Drop-by-Drop INR Drops

Thiagarajar School of Management

1. Introduction:

India's currency is one of the worst performing currencies in Asia. Talking about the reasons for the depreciation of rupee a series of activities have led to the current scenario. Since the great depression of 2008, the Indian economy had been continuously slowing down and the dollar value depreciated to 48.44%. The fundamental reason behind such depreciation is that India keeps on importing from the world market. Higher the import of crude oil and gold has increased the Current Account Deficit (CAD) to a larger extend. CAD for the previous fiscal (2012-13) was $87.8 billion.

2. Objective of the article:

The main objective of the article is to:

* identify the major reasons behind the rupee depreciation and the steps taken by the Government/RBI to control the rupee slide

* provide suggestion to control rupee depreciation

3. Scope of the article:

This article deals with the major reasons that causes rupee to depreciate.

4. Graph Interpretation:

Indian Rupee has performed worst in the past three months. When analysed, it is found that there are several reasons that caused the rupee to depreciate. These factors have been discussed in the later part. When analyzing the trend of the rupee movement for the past five years, fig 1, it is found that by the end of August, 2013, the Rupee should have been Rs.55/USD. But in considering the trend for the past three months, fig 2, it is found that by the end of August, 2013, it reached a value of around Rs.64/USD.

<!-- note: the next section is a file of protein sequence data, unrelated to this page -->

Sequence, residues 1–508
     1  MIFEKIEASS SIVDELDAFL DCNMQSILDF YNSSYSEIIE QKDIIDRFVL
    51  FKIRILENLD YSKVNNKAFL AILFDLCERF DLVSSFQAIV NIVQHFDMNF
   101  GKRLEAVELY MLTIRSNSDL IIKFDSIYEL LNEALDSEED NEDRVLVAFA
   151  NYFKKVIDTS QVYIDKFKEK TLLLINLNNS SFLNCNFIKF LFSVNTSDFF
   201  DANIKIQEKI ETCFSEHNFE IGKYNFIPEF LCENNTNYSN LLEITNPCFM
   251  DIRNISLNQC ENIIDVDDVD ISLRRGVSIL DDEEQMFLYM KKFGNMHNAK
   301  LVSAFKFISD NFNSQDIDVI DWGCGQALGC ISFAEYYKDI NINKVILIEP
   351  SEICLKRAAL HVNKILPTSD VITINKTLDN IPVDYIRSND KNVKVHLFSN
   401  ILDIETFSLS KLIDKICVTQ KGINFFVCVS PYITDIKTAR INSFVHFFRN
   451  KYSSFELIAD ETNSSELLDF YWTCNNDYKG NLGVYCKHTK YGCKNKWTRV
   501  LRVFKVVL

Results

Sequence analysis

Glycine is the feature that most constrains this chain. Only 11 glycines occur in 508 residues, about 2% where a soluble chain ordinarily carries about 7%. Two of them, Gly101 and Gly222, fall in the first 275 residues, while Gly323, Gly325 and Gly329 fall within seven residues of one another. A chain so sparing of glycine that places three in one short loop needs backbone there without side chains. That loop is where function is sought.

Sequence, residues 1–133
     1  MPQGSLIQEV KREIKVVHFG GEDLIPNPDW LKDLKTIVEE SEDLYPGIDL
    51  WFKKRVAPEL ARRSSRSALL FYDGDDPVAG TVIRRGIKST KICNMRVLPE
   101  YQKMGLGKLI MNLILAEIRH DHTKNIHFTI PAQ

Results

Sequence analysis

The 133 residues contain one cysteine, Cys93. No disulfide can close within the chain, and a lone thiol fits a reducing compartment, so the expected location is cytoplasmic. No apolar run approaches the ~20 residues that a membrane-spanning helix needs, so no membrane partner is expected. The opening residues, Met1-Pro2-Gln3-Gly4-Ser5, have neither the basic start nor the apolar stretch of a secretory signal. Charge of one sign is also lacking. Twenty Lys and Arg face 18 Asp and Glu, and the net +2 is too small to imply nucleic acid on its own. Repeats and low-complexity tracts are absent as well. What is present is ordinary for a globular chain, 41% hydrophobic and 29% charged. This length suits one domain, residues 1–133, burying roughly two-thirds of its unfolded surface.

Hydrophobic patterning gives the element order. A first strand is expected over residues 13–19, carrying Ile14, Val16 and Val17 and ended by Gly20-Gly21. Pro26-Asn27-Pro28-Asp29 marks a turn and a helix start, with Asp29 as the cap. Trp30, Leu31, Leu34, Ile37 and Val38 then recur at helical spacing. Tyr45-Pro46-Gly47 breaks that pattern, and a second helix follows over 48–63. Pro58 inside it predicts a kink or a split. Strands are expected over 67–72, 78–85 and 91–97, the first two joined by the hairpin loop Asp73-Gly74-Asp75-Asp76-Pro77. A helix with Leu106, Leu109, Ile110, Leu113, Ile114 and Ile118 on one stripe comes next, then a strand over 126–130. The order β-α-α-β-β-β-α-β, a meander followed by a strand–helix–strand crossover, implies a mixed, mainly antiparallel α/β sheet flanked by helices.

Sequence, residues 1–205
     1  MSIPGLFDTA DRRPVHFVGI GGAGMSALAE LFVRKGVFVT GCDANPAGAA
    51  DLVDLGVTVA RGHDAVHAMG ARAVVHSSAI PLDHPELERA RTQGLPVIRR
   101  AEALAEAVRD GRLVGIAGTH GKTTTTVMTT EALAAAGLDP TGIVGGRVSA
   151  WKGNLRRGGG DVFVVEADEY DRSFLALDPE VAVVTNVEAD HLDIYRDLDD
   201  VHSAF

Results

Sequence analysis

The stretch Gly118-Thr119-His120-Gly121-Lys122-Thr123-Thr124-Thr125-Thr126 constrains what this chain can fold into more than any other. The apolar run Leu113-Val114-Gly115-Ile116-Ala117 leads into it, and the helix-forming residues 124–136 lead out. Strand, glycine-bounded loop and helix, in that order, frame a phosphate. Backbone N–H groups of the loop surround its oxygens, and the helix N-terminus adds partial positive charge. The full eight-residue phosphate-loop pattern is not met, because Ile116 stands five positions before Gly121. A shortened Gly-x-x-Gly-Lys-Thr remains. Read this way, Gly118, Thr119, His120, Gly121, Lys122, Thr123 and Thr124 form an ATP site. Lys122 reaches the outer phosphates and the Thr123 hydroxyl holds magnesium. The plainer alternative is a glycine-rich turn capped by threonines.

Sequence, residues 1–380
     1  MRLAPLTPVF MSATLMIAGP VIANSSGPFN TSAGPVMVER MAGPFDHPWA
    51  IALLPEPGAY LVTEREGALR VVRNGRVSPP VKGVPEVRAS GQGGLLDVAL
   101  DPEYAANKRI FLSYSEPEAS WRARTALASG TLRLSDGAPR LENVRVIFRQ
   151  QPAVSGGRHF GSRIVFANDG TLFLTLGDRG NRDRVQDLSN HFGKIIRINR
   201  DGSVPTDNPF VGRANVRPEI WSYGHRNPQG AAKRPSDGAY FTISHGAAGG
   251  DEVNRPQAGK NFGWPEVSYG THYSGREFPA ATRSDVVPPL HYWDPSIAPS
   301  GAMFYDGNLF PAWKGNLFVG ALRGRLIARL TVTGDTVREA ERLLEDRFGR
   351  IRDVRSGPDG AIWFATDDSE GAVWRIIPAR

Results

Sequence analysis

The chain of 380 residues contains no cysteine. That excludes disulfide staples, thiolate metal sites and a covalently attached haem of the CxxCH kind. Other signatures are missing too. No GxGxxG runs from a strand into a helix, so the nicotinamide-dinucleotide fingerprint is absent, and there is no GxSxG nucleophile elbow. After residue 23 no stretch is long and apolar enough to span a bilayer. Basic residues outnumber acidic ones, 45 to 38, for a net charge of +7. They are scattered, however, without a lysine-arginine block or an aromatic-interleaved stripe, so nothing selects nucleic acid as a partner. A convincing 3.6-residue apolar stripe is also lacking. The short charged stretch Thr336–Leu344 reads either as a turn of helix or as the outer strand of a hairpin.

Fig 1.Trend for past 5 years

                                                     Fig 2. Trend for Past 3 months

The factors that caused such a difference are discussed below.